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Below are three recent stories from Today in Literature; just click through to read them in full. The introduction to all 500 stories in our archive is available to all through our list of authors, but you must be a Premium Subscriber in order to have access to the stories themselves.

October 7 Faulkner's "Splendid Failure"
  On this day in 1929, William Faulkner's The Sound and the Fury was published. Faulkner said it was "a splendid failure," but he also said that "the only thing in literature which would ever move me very much" was the image upon which the book was based: "Caddy climbing the pear tree to look in the window at her grandfather's funeral while Quentin and Jason and Benjy and the negroes looked up at the muddy seat of her drawers."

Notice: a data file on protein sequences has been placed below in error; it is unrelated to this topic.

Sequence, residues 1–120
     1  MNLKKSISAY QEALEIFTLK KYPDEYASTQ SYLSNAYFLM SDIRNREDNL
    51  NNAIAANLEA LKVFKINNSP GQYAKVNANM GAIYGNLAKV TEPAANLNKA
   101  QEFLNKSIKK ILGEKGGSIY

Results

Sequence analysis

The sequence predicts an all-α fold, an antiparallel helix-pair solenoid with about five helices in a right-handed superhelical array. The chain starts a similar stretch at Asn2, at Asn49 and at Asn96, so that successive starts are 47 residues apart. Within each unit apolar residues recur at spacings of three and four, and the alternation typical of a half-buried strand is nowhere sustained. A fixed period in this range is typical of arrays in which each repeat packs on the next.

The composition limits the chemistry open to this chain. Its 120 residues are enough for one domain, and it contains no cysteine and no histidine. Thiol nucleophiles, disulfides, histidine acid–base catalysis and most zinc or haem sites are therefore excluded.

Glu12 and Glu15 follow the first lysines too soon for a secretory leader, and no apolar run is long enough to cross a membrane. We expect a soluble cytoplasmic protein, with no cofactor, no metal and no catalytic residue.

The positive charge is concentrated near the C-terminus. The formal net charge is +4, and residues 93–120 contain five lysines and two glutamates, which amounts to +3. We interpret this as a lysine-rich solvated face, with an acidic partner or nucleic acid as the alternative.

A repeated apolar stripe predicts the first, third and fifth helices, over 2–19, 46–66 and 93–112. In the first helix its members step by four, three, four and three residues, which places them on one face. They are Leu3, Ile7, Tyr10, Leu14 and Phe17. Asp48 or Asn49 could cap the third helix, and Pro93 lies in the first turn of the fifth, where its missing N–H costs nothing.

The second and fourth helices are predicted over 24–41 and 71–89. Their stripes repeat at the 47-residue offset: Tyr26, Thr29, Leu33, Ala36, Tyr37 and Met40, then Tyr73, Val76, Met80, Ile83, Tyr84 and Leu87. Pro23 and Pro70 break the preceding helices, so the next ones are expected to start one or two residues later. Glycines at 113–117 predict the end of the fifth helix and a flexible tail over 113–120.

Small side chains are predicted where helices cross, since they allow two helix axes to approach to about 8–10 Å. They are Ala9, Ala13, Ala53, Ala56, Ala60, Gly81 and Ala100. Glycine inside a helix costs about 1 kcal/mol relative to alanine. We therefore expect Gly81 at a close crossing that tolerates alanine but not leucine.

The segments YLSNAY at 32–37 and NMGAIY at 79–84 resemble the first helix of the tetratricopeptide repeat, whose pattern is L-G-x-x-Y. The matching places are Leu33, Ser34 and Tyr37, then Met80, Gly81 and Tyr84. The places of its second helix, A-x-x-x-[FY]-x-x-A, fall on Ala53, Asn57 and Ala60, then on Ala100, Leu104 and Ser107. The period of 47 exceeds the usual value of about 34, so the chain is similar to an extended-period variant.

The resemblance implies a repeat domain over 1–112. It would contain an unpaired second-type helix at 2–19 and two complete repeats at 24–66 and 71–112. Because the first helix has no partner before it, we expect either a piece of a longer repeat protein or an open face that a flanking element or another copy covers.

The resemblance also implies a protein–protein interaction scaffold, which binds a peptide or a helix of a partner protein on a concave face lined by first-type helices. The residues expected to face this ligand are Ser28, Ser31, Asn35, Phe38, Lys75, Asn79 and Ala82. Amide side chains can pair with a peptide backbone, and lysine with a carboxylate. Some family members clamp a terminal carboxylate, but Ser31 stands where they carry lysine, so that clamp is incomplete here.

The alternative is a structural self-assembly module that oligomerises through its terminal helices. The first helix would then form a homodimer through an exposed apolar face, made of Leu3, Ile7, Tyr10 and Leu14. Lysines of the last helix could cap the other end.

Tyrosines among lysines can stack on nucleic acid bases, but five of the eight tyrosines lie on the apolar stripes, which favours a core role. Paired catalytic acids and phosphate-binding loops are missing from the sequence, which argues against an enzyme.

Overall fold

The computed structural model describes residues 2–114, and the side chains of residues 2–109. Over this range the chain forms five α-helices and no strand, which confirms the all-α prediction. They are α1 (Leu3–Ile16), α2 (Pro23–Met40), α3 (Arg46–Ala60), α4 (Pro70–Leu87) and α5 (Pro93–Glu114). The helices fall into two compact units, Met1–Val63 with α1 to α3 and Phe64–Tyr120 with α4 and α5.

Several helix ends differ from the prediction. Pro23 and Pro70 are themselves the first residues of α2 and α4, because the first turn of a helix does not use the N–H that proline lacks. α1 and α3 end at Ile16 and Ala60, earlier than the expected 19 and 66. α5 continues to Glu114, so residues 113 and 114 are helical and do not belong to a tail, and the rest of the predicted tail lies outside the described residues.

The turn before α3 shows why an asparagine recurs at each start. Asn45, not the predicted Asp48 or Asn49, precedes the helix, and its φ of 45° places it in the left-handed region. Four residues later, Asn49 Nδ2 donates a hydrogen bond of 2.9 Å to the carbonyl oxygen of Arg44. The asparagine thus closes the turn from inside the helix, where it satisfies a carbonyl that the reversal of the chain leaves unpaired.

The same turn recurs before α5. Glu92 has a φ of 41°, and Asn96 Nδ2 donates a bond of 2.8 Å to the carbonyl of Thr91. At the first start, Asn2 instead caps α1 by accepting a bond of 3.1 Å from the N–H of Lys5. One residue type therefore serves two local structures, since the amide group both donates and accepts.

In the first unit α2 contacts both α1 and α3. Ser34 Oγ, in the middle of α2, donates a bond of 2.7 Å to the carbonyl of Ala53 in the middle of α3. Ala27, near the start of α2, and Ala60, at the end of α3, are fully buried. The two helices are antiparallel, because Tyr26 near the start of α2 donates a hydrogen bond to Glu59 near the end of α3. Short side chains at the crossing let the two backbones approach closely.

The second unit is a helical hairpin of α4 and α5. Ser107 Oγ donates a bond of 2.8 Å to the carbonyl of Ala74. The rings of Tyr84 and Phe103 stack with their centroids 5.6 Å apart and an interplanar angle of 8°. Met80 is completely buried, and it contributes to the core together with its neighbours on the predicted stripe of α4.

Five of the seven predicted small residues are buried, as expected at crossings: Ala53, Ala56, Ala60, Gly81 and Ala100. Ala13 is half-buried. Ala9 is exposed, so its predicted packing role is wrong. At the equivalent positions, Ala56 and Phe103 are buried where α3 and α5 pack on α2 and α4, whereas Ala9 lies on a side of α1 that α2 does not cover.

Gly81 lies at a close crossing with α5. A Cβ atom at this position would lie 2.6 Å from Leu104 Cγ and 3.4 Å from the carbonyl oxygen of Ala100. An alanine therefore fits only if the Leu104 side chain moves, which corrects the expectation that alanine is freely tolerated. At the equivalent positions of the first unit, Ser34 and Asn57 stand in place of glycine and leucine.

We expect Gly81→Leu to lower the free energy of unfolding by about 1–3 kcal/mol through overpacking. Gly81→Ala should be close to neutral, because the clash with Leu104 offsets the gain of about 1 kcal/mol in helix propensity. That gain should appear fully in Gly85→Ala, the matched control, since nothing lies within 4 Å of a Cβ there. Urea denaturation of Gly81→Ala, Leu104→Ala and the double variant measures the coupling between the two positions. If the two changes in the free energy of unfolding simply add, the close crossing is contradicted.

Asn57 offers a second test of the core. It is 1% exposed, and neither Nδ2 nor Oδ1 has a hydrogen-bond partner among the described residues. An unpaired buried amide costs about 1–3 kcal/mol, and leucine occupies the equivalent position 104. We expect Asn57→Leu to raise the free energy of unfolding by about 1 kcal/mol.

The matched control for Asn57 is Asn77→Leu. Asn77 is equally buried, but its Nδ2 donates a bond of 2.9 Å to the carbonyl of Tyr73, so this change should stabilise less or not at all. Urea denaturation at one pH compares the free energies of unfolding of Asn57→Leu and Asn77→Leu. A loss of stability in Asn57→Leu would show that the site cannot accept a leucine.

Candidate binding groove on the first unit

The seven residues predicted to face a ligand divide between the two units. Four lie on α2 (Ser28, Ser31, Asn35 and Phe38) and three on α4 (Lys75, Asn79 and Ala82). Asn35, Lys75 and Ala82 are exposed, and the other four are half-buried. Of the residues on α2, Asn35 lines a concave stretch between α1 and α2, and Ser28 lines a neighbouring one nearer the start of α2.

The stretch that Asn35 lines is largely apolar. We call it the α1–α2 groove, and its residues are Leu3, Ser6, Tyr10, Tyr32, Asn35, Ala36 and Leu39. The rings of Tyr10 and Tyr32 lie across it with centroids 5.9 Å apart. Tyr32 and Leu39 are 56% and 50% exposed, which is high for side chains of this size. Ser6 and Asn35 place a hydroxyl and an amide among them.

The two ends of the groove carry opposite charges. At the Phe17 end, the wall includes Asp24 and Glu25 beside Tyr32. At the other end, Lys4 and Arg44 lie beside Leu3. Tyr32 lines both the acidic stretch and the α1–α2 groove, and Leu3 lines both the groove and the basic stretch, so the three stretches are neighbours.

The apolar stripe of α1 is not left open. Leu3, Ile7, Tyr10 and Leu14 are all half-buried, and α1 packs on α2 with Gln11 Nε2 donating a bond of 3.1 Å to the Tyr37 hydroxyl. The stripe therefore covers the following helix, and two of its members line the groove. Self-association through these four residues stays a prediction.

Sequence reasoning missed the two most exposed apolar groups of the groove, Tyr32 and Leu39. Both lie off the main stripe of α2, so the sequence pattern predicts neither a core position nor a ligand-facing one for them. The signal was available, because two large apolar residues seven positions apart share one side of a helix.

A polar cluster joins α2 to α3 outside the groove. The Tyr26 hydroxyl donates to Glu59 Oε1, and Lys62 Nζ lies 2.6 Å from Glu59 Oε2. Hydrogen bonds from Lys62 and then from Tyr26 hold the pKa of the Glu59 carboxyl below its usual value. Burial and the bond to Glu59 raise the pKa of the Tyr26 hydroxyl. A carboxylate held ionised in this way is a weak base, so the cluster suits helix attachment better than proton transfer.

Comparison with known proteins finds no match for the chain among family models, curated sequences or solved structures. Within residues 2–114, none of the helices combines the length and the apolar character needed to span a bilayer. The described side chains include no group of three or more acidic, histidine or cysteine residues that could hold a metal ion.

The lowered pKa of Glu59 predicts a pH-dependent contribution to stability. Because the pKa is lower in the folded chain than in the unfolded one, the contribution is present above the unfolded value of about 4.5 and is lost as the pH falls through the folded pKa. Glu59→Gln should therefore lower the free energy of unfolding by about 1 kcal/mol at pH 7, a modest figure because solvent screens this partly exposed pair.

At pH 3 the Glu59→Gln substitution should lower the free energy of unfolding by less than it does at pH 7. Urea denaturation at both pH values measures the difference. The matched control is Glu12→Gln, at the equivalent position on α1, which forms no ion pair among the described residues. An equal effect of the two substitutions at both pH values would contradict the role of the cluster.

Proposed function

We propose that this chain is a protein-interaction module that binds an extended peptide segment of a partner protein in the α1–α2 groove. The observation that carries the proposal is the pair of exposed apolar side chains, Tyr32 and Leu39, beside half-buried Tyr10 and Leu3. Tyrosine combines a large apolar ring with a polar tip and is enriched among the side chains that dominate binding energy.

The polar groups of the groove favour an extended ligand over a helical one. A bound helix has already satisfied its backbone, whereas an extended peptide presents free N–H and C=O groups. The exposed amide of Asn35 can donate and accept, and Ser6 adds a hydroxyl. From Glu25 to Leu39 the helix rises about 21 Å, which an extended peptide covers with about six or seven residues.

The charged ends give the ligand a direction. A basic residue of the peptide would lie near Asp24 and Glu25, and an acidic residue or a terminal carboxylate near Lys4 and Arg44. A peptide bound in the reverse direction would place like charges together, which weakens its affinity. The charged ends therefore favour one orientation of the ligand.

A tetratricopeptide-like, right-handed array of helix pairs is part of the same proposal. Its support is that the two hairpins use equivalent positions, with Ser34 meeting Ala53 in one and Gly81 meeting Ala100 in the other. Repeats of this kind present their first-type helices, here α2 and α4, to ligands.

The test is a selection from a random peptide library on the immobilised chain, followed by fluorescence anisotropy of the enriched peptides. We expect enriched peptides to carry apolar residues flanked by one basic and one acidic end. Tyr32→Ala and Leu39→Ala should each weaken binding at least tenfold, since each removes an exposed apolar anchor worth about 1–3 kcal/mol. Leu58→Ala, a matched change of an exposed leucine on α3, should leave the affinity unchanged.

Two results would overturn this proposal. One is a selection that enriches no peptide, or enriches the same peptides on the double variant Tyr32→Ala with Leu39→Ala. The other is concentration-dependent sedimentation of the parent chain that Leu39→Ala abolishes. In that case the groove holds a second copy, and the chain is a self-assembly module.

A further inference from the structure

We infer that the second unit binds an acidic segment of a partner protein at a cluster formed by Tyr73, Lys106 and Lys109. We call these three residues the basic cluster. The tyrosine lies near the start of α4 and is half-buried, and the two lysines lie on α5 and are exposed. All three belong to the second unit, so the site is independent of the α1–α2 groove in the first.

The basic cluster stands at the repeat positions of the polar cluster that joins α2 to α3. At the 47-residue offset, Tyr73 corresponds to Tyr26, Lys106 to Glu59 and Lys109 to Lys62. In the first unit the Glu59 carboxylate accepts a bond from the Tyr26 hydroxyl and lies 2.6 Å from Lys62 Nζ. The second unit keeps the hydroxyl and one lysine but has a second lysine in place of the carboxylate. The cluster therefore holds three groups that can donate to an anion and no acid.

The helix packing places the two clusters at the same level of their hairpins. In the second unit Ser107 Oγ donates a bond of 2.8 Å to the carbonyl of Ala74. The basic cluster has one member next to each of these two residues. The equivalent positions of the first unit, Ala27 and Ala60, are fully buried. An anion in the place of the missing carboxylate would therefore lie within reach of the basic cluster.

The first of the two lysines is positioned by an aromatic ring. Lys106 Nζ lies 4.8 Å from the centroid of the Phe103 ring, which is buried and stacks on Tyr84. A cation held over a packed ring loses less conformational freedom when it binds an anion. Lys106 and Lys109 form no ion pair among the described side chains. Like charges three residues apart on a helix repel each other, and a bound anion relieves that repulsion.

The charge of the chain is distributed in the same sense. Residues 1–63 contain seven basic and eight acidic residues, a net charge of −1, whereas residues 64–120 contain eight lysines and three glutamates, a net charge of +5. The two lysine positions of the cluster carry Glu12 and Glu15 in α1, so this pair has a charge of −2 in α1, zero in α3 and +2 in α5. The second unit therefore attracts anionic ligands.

October 6 PEN, Djaout, Saro-Wiwa
  On this day in 1921 the first branch of PEN, the now worldwide writers' organization, was founded. Their campaign for freedom of expression is inspired by these lines from the assassinated Algerian writer, Tahar Djaout:
    Silence is death. / If you are silent you are dead, / And if you speak you are dead, / So speak and die.
October 5 Singer's Yiddish Folly
  On this day in 1978 the Polish-American writer Isaac Bashevis Singer was awarded the Nobel Prize for literature. Singer emigrated from Poland in 1935, but he continued to write mostly in Yiddish, on a forty-three-year-old Yiddish typewriter, of a culture which "sneaks by, smuggles itself amid the powers of destruction, knowing somewhere that God's plan for Creation is still at the very beginning...."

October 7, 2015
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